“Prodigy” still manages to be a thoughtful and suspenseful thriller and does so despite its small scale and even smaller budget. I mean practically the entire film takes place in two rooms. But that shouldn’t scare you away. It manages its strengths well plus it features an outstanding performance from young Savannah Liles. Give it a look.



REVIEW: “Proud Mary” (2018)


From the opening credits you get a good sense of what “Proud Mary” would like to be. 70’s text effects with bursts of retro yellows and oranges all to the sounds of “Papa Was a Rollin’ Stone” by the Temptations. But the promise of a modern blaxploitation entry turns into a tease and “Proud Mary” goes off into much more conventional and predictable territory.

A hitwoman who goes by the name Mary (Taraji P. Henson) takes out a target only to discover he has a young son Danny (Jahi Di’Allo Winston). A year passes and a guilt-ridden Mary keeps tabs on Danny from a distance. He has become a runner for an abusive Boston mobster named Uncle (Xander Berkeley). When Mary finds Danny passed out in an alley her motherly instincts meet her professional killer skills. She secretly takes Danny in and offers up her own special brand of retribution on Uncle.


Mary’s compassionate but impulsive actions inadvertently starts a gang war within the Boston underbelly. She hides her deeds from her mob kingpin mentor Benny (Danny Glover) and his headstrong son Tom (Billy Brown). But keeping things a secret proves to be a tall order especially with Tom (her persistent ex-lover) growing more suspicious. As you can probably guess Mary finds herself in quite the pickle.

“Proud Mary” is a bit of a whirlwind that manages to be both entertaining and disappointing. On the one hand you have Taraji Henson who has the look, attitude, and physicality for this role. She is able to have several good moments in spite of the script which doesn’t always serve her well. Also, you can see the framework for a much better movie, enough to keep things from getting boring.


That leads to the other hand. While I was invested throughout the brisk 88-minute running time, the movie never seems to get out of first gear. Even the action lacks any real punch. Other odd decisions stand out. Several weird edits especially in the first half are hard to figure out. And there are some odd tonal jolts, none bigger than the film’s big action climax with Tina Turner’s rendition of the title song blaring. It doesn’t click.

And getting back to what I said earlier, the story is woefully too conventional and predictable. A new flavor of blaxploitation for modern audiences is something I could get behind. I can’t deny the allure of “Leon: The Professional” meets “Foxy Brown”. “Proud Mary” has the ingredients for it. Unfortunately it goes the more obvious route and suffers for it.



BlindSpot Review: “The Producers”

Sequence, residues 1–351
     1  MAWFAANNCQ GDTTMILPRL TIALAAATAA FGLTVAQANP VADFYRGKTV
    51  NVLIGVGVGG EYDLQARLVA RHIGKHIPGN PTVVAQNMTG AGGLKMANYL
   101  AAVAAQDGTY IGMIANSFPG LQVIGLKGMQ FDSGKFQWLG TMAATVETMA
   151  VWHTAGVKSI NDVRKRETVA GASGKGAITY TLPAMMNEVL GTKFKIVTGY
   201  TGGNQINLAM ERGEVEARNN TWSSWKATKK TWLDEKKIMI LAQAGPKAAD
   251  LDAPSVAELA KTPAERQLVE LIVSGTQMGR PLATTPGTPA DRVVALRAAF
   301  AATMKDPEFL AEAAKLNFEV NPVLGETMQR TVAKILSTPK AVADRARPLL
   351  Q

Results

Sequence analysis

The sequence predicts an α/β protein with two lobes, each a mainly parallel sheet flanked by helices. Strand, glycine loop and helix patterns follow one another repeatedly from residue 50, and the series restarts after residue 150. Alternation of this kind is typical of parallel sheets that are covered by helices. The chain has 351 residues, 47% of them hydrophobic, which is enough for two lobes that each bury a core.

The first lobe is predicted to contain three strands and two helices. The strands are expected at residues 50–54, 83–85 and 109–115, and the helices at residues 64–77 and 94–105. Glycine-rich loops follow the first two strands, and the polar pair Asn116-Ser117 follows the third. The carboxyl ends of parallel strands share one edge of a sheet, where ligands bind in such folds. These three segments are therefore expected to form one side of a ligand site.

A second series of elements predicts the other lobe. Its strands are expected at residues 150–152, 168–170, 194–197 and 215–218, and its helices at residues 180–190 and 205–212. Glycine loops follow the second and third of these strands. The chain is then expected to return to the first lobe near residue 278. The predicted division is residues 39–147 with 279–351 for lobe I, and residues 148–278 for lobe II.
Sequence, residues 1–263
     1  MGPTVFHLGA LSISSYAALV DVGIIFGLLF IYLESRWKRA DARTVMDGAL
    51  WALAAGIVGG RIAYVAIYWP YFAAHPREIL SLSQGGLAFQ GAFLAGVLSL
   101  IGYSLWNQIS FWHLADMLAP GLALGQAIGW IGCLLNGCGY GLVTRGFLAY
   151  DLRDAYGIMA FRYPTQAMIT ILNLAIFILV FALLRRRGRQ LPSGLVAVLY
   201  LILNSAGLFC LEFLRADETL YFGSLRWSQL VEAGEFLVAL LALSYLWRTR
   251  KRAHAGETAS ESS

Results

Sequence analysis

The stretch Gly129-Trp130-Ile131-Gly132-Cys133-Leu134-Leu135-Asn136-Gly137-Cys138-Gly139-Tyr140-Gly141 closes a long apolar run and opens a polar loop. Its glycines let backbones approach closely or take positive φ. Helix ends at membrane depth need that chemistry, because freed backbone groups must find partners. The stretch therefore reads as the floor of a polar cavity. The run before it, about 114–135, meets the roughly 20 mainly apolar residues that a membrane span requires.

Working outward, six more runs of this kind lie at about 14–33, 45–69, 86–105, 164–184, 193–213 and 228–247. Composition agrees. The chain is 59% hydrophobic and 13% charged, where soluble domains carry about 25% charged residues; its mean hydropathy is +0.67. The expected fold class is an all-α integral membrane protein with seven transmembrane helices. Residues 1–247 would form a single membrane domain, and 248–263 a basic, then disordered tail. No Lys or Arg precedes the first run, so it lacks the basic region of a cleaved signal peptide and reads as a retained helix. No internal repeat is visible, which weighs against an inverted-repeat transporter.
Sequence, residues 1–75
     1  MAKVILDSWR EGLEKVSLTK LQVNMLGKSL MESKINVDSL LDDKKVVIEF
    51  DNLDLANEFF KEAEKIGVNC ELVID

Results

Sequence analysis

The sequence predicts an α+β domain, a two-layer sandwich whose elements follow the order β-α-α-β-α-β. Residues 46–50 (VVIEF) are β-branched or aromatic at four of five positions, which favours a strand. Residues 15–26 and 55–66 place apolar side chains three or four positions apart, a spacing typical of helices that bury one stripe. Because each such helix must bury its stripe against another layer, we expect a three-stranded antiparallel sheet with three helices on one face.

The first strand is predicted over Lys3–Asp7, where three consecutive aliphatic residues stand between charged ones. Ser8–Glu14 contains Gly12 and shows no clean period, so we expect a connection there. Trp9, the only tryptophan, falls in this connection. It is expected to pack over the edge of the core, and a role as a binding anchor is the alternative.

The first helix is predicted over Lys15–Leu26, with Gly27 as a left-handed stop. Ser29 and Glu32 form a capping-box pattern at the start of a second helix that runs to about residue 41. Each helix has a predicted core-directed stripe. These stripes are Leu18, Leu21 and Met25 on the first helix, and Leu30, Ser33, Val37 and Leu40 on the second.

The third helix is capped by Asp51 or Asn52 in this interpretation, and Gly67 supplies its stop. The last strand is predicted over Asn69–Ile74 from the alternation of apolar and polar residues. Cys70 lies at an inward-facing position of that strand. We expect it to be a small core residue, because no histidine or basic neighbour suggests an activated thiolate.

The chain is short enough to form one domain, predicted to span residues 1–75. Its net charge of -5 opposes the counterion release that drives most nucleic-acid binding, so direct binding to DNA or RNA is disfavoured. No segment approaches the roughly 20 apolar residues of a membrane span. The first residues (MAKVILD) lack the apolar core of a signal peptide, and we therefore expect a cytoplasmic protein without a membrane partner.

Mel Brooks burst onto the filmmaking scene in 1967 with his raucous satirical comedy “The Producers”. It was his big screen debut as writer and director. After a wild variety of initial reactions, “The Producers” would eventually earn Brooks an Academy Award for Best Original Screenplay. Not a bad way to start your moviemaking career.

“The Producers” started as a joke, moved to a play and ended up a movie. Initially it was a tough sell for Brooks who had a difficult time finding backers amused by his melding of Hitler and a musical. Once funded Brooks was given $1 million and 40 days to finish his movie. He pulled it off but not without some bumps along the way which mainly stemmed from Brooks’ inexperience as a director. After release initial reviews were all over the map including some that ripped the film to shreds. Yet it still won an Oscar and over time “The Producers” has gained a much more positive following.


As nutty as they are, the film’s two lead characters are based on actual real-life inspiration. Washed-up Broadway producer Max Bialystock (Zero Mostel) stays afloat by duping wealthy elderly women into supporting his “next big production”. But with his well running dry, he solicits the help of a neurotic and gullible accountant Leo Bloom (Gene Wilder). The two concoct a wacky plan to make the worst play possible. Max will oversell the shares, Leo will doctor the books, the play will bomb, and the swindled money will be theirs. What could go wrong?

The desperate and dimwitted duo begin by seeking out the worst possible script. They find it in “Springtime for Hitler”, a musical love letter to the Führer sincerely written by a loony ex-Nazi (played by Kenneth Mars). Next they hire a notoriously bad director Roger De Bris (Christopher Hewett) who has a long history of Broadway flops. Finally the lead role of Hitler is given to Lorenzo Saint DuBois, a trippy hippie who fittingly goes by L.S.D. All the pieces are in place for a sure-fire disaster.